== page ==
Lady Northcote Farm School was, according to Mina, very strict and run like the military. A one-armed ex-British Grenadier guard called Colonel Heath was a strict disciplinarian that used a megaphone to address children. Seven days a week Mina was woken early and made to do military style exercises before school or duties that included maintaining the neatness of the farm and gardens.

At the age of 12, Mina left school after just three-years. She hoped to gain a scholarship in order to continue her education, but only one girl was chosen among 26. Instead, she spent another year attending classes with Mr Menzies, who created a grade nine especially for her and formed a friendly relationship that later saw him give Mina away at her wedding.

Following her schooling, Mina worked in the Lady Northcote laundry seven-days a week. She later commenced work at the White House, where principal Mr Brown lived with his wife and children. Mina cooked for the family and looked after the children – a job she did so well that she ended up staying there right up until she was 16-years-old.

Her following employment included work on a Myrniong Farm, where she was expected to milk cows as well as perform household duties. A welfare officer from Lady Northcote was in charge of her wages, with half of her weekly earnings put away in order to help her save until she was 21-years-old.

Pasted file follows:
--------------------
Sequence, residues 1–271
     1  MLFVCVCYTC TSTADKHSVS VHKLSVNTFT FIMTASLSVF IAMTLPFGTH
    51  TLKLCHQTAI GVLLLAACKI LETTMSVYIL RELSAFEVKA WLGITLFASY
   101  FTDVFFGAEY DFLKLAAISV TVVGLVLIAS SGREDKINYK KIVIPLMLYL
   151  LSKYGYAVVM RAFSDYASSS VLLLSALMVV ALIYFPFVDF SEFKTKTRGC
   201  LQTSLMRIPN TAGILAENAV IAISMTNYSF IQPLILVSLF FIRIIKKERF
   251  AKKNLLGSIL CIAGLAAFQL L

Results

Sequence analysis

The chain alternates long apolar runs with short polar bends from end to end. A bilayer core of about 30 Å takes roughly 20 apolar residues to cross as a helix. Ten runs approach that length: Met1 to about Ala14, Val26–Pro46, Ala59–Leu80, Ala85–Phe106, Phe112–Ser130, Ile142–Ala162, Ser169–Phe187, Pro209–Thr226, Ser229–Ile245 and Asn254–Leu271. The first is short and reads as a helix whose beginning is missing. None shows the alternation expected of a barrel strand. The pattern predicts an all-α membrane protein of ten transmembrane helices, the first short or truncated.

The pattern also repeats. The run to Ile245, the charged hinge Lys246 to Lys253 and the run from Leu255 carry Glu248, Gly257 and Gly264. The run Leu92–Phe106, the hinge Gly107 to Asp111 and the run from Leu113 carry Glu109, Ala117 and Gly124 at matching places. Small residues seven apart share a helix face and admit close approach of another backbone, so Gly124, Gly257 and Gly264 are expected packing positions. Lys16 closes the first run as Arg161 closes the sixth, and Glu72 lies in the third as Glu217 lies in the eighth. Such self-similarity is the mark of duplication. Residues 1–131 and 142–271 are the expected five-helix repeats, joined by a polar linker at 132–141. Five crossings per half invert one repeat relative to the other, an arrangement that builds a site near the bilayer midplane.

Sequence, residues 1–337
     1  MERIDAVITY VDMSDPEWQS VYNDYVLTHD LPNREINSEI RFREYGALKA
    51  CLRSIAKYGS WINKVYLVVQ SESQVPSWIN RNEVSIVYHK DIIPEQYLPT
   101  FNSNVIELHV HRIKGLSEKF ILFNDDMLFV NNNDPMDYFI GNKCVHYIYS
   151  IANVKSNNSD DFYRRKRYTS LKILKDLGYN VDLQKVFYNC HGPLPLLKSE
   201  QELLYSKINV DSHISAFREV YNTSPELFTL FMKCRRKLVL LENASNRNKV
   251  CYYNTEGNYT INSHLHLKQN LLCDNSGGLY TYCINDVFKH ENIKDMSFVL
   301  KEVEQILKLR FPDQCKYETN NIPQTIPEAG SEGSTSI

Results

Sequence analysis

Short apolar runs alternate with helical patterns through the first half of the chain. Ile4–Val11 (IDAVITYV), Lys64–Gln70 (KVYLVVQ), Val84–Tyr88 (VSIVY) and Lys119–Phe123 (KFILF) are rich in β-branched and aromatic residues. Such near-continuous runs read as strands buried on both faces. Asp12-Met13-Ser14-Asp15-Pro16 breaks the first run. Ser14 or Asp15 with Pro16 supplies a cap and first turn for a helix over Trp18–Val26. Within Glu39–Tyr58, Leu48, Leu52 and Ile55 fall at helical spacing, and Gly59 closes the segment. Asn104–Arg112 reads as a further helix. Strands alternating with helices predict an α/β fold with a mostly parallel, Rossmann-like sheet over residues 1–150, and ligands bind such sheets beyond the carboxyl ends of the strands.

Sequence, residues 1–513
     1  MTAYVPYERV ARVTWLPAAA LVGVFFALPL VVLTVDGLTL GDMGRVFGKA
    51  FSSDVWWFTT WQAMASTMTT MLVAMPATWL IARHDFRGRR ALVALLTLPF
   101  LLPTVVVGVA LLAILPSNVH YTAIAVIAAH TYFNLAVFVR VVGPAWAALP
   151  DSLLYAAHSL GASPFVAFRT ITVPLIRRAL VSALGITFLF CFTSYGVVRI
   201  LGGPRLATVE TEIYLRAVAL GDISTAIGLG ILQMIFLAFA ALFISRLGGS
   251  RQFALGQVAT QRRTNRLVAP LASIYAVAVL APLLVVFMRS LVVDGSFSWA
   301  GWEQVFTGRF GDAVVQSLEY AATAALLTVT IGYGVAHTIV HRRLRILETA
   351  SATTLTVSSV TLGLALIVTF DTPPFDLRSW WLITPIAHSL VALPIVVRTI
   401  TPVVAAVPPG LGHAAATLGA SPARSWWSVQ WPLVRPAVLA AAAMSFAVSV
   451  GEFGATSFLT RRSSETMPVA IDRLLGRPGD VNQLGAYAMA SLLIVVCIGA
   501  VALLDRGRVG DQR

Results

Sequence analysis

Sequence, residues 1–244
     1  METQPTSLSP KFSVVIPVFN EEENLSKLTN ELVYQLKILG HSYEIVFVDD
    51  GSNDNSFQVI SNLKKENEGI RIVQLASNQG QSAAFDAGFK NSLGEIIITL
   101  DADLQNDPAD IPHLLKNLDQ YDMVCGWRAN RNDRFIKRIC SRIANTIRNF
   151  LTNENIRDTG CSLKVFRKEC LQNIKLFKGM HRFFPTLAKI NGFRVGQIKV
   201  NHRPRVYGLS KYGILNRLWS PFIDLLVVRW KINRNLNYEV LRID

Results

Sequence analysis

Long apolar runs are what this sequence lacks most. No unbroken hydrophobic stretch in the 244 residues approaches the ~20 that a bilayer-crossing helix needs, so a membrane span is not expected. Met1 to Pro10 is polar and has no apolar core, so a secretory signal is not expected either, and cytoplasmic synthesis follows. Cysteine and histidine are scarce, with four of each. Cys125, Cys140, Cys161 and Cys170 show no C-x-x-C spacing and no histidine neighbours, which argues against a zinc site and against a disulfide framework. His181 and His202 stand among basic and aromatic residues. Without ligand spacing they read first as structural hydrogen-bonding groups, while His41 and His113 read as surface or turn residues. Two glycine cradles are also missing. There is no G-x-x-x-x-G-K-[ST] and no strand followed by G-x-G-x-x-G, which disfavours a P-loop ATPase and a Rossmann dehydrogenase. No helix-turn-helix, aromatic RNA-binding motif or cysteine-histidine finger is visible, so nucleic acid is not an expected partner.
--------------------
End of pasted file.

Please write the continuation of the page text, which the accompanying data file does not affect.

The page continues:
Mina later commenced employment in mother craft nursing at the Presbyterian Babies Home in Camberwell, followed by a rehabilitation centre for child polio in Hampton.

At 17, the principal of Lady Northcote rang the centre to inform Mina that her mother had died, aged only 53.

Mina stayed at the rehabilitation centre until she was 18-years-old. She entered general nursing and spent about two years training at the Ballarat Base Hospital, before returning to Bacchus Marsh, where she has called home ever since.

Married and with four children, Mina saved like mad and returned to England in the early 1970s, where an emotional reunion took place with the family she had long left behind.

It had been 50-years since she had seen her younger brother David, who said he thought he would never forgive her for not saying goodbye, but after finally being reunited, he did.

Mina has been a regular attender of Lady Northcote Farm School’s annual reunions – an event she said allowed her to reminisce and catch up with old friends.

At the anniversary of 50 years, she was reunited with women that were also part of the fourth party of children who disembarked in Melbourne in 1939.

At the recent 80th anniversary, held at the farm, she was flooded with old memories as she visited House 12, a building located on site that was recently restored by the Old Northcote Association.

Mina says she has no regrets in life, and while she wished she had received more of an education, she was always grateful that her mother made sacrifices in order to give all of her children a better life.

“I never blamed my mother for sending me away. I am grateful for the life I have”.

First appeared in The Moorabool News, August 29 2017

Advertisements

Leave a Reply

Fill in your details below or click an icon to log in:

WordPress.com Logo

You are commenting using your WordPress.com account. Log Out /  Change )

Google photo

You are commenting using your Google account. Log Out /  Change )

Twitter picture

You are commenting using your Twitter account. Log Out /  Change )

Facebook photo

You are commenting using your Facebook account. Log Out /  Change )

Connecting to %s